Thursday, 7 June 2018

The Test of Gallery Plugins for WordPress

As I ran across a gallery plugin, when I downloaded a theme, and was unsatisfied with this gallery, I thought it could be a good idea to test some galleries.

Test of a Modula gallery, free version
Test of a NextGEN gallery, free version
Test of a Foo Gallery, free version
Test of a photo gallery by WD, free version
Test of a photo gallery by Supsystic, free version

The gallery plugin that disappointed me was Envira Gallery Lite (presumably a free version), which I have replaced by now.

In general, these gallery plugins get the job done, and they are not too shabby. Honestly I don't want to go into details about them on this occasion, because they each have their strengths and weaknesses, and their paid versions are reasonably priced. The paid versions may fix some issues, so it's just a very complicated situation. I suppose you pick a gallery plugin which seems to be updated fairly often and get to know it, and if a special need arises, you can then study the others.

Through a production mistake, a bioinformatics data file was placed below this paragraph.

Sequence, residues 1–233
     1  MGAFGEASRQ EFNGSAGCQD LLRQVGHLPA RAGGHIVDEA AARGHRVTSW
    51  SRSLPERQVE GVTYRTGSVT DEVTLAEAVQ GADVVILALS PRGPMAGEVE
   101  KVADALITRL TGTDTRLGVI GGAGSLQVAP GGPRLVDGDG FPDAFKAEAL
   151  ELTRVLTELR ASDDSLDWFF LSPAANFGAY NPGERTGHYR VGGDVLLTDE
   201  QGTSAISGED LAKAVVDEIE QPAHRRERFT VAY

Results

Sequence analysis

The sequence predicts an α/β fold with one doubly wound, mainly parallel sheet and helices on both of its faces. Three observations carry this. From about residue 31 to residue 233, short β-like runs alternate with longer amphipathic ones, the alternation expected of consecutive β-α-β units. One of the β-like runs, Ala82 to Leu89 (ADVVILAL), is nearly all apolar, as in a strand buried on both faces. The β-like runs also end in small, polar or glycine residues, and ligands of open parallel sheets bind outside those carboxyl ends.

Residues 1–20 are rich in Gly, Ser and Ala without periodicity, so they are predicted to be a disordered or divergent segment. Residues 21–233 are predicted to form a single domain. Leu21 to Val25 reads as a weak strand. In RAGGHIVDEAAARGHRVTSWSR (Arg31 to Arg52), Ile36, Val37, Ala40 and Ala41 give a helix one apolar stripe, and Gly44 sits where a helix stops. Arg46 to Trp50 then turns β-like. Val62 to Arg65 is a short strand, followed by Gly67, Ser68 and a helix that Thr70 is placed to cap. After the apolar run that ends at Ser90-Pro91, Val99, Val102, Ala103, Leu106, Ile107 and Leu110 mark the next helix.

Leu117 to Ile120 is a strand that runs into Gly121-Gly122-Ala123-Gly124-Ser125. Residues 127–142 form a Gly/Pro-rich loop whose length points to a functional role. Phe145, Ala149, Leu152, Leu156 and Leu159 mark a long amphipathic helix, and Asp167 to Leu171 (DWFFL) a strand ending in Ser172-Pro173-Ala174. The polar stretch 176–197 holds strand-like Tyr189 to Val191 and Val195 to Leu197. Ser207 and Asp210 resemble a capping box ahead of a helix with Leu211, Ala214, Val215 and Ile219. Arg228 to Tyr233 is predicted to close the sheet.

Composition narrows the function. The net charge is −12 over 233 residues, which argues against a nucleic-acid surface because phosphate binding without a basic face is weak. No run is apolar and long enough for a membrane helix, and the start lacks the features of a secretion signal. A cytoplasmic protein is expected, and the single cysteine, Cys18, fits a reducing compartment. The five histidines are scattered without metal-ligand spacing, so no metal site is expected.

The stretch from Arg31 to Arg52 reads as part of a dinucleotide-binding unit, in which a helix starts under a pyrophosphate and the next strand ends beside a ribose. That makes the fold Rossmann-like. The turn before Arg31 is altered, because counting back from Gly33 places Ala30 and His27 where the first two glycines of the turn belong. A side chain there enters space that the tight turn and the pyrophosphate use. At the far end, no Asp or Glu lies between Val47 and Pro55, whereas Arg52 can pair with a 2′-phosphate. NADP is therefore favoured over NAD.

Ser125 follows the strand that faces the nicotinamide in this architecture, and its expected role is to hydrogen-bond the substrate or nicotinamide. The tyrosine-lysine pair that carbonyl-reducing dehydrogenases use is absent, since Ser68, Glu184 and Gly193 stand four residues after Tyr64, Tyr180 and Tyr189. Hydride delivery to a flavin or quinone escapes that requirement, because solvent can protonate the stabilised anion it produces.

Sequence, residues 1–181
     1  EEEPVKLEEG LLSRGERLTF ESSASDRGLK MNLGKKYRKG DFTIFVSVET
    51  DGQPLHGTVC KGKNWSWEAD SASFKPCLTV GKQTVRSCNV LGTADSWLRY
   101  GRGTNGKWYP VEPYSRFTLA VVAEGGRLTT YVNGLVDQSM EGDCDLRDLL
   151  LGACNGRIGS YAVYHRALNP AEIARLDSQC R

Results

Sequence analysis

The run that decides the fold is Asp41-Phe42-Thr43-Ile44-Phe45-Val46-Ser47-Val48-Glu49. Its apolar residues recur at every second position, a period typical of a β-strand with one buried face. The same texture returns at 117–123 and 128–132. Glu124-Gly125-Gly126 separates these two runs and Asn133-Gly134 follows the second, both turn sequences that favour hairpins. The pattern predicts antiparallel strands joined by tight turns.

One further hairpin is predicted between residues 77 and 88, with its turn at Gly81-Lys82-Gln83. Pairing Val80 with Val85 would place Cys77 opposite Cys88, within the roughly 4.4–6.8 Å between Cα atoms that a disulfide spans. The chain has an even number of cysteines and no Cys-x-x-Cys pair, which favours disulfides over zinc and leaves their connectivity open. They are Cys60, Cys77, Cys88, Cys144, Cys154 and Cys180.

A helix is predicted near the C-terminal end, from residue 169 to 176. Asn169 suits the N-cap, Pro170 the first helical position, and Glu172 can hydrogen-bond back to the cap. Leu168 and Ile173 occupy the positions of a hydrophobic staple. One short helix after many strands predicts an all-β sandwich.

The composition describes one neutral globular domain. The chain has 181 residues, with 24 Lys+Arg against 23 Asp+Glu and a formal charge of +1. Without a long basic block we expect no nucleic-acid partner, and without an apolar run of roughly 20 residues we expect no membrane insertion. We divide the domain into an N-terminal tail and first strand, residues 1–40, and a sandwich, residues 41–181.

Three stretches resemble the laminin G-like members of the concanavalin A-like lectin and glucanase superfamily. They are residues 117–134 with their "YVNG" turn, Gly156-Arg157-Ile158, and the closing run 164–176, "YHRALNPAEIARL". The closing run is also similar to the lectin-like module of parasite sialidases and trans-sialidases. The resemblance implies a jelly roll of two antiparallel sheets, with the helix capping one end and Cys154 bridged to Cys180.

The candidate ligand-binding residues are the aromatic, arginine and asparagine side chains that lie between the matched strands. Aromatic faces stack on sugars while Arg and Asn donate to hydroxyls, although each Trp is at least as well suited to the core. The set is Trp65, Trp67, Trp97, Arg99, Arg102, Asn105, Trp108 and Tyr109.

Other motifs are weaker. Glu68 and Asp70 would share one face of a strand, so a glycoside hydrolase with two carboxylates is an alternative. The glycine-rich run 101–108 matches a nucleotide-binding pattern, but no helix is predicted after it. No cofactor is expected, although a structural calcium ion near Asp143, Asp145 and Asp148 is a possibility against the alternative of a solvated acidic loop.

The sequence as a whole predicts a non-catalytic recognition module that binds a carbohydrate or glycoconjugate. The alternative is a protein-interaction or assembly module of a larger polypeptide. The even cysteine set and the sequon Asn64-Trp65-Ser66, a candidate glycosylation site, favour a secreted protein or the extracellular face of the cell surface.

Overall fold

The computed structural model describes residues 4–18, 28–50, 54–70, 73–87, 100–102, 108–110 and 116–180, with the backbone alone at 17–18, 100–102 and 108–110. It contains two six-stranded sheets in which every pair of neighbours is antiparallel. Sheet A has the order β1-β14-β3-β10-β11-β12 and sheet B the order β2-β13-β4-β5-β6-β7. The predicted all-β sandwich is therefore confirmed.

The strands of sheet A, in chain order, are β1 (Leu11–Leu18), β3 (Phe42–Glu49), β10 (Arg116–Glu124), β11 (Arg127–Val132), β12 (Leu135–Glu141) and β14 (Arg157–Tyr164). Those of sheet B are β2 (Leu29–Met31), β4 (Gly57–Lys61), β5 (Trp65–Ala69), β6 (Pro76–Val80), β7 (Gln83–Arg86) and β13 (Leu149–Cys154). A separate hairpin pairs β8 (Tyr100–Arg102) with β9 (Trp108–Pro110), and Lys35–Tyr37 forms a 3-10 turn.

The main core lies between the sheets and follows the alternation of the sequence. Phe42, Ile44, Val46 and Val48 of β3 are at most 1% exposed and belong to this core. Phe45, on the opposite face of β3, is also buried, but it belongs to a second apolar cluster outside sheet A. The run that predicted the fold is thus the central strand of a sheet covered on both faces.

As I suspected, the gallery plugins don't handle GIFs with transparent backgrounds in the same way. If I want some of those on a web page, I need to be cautious. Even Windows has a hard time with this. I have had a problem with image file types on a Prestashop as well. I had to go with a .png to solve that.

The gallery plugins make responsive galleries, and so they depend on the layout of the theme. This makes the study of galleries even more complicated. The paid versions of the gallery plugins in my test have plenty of configuration options, some even allows CSS to be written, so they are all usable with many aesthetic choices. It definitely counts as a plus that aesthetic choices don't have to fit to one of a limited number of gallery layouts.

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